Nicely articulated notes on containers. Highlights from this article are:

What are containers and why do you need them?

Containers are a solution to the problem of how to get software to run reliably when moved from one computing environment to another. This could be from a developer’s laptop to a test environment, from a staging environment into production, and perhaps from a physical machine in a data center to a virtual machine in a private or public cloud.


How do containers solve this problem?

Put simply, a container consists of an entire runtime environment: an application, plus all its dependencies, libraries and other binaries, and configuration files needed to run it, bundled into one package. By containerizing the application platform and its dependencies, differences in OS distributions and underlying infrastructure are abstracted away.


Is there a standard container format?

initiative called the Open Container Project was announced, and later renamed as the Open Container Initiative (OCI). Run under the auspices of the Linux Foundation, the purpose of the OCI is to develop industry standards for a container format and container runtime software for all platforms. The starting point of the OCP standards was Docker technology, and Docker donated about 5 percent of its codebase to the project to get it off the ground.

The project’s sponsors include AWS, Google, IBM, HP, Microsoft, VMware, Red Hat, Oracle, Twitter, and HP as well as Docker and CoreOS

Are there any free open source container management systems?

Yes. Probably the best known and most widely used free and open source container management systems is Kubernetes, which is a software project that originated at Google. Kubernetes provides mechanisms for deploying, maintaining and scaling containerized applications

commercial container management solutions

docker enterprise-edition

CoreOS’s Tectonic

Red Hat’s Open Shift Container Platform

Rancher Labs’ Rancher

Which Linux distributions are suitable for use as a container host?

  • Container Linux (formerly CoreOS Linux) — one of the first lightweight container operating systems built for containers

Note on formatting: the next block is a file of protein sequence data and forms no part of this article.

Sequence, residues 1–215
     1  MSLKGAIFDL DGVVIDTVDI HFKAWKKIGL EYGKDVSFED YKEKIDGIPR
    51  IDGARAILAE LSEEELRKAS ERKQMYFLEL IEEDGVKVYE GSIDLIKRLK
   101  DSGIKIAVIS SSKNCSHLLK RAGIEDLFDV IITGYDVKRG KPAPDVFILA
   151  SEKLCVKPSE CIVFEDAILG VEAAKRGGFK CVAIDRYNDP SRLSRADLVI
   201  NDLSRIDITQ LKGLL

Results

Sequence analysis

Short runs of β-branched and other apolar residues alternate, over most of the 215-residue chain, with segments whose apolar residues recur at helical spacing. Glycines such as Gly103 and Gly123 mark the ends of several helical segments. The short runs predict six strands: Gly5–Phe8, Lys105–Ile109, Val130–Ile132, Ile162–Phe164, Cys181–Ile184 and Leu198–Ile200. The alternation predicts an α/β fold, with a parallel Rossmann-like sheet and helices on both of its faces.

• RancherOS — a simplified Linux distribution built from containers, specifically for running containers.
  • Photon OS — a minimal Linux container host, optimized to run on VMware platforms.
  • Project Atomic Host — Red Hat’s lightweight container OS has versions that are based on CentOS and Fedora, and there is also a downstream enterprise version in Red Hat Enterprise Linux.
  • Ubuntu Core — the smallest Ubuntu version, Ubuntu Core is designed as a host operating system for IoT devices and large-scale cloud container deployment


What if you are a Windows shop?

That’s because in 2016 Microsoft introduced the ability to run Windows containers in Windows Server 2016 and Windows 10. These are Docker containers designed for Windows, and they can be managed from any Docker client or from Microsoft’s PowerShell.

(Microsoft also introduced Hyper-V containers, which are Windows containers running in a Hyper-V virtual machine for added isolation.)

Windows containers can be deployed on a standard install of Windows Server 2016, the streamlined Server Core install, or the Nano Server install option which is specifically designed for running applications inside containers or virtual machines.

They ended with nice conclusion:

Both VM and Containers have their benefits, but what’s important is that rather than replacing virtual machines, it can often be useful to be able to use containers within a virtualized infrastructure.



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